Skip to main content

American Gods by Neil Gaiman

'Then he grinned, like a fox eating
shit from a barbed wire fence.'
God knows, you don't want me going on and on about my peccadilloes when it comes to the writing and groupies of Neil Gaiman*, but I do need to get something off my chest. In some respects, it's a criticism, but then Mr Gaiman had abso-fucking-lutely nothing at all to do with it. My disappointment, for it is such, stems from the fact that this is the first book by Neil Gaiman that I ever read, and because I chose it to start me off, has com-fucking-pletely ruined for me everything else he's written, and has actually put me off reading his other stuff. I can't help but admit I enjoyed watching Stardust the movie, and I did read with much relish the Jonathan Carroll-esque Ocean At The End Of The Lane after I found it in a charity shop for 99p. Oh, and his excellent children's picture book The Wolves in The Walls. I have found myself nodding knowingly as I pass the Gs on bookshelves but never pausing to pick up another Gaiman, because I'm afraid it won't be as good as this.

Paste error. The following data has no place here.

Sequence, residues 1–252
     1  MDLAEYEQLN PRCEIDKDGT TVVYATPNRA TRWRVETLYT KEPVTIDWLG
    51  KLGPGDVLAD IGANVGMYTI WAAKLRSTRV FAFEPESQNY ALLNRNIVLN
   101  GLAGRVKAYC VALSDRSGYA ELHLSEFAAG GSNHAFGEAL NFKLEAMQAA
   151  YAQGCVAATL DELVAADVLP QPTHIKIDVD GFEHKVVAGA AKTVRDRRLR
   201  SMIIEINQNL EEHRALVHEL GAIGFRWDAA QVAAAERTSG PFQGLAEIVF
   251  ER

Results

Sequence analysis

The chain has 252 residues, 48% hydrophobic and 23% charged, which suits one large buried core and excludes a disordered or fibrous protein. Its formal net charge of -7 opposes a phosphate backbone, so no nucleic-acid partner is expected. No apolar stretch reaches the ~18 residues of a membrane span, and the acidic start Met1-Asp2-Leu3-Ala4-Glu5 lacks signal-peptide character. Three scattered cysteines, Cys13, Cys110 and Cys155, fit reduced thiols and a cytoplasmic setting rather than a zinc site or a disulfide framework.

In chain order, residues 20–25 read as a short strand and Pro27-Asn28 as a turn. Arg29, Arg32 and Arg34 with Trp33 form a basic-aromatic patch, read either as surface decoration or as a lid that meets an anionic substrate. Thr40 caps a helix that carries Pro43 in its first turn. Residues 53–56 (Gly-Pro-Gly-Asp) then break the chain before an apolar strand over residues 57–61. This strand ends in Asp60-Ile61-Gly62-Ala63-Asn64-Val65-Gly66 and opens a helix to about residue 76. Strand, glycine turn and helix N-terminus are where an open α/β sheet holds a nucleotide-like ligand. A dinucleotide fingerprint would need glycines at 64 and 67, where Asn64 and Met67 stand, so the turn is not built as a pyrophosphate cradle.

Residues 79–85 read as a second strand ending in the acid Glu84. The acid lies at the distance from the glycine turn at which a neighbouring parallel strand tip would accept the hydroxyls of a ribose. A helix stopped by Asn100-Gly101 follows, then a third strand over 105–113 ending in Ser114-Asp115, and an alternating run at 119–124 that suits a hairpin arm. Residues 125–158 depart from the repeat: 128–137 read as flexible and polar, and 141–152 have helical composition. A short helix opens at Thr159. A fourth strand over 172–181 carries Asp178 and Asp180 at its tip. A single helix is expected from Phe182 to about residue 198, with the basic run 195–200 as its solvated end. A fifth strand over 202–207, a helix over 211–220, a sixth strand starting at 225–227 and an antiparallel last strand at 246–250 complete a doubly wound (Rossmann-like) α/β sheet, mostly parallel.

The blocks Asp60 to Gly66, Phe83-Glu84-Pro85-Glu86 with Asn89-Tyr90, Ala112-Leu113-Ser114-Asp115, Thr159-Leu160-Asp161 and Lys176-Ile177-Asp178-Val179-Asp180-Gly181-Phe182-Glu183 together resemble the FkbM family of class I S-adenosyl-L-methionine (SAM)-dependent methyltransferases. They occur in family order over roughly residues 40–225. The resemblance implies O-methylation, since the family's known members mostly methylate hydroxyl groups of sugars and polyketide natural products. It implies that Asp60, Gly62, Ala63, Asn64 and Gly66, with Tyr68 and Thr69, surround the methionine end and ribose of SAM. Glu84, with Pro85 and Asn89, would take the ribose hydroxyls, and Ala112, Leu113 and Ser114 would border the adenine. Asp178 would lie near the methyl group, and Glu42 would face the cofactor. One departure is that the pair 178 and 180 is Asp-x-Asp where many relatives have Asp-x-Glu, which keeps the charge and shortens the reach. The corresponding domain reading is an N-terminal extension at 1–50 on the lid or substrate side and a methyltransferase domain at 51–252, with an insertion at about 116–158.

Because this is GOOD. I trust the shouty lettering gives the lie to this understatement. Having read it first in the nineties, I wandered the literary landscape with a dream of it in my mind, gently guiding me to writers like Jim Dodge and Jonathan Carroll, from whom I inherited new fantasies, until the original dream began to fade, much like Shadow's revelations, learned during his nine-day vigil on the tree of life, and I found myself wondering what did happen in the end, just who Mr World was that Shadow recognised his voice, and what was it again that gave me the creeps about the town of Lakeside. 

And now I remember.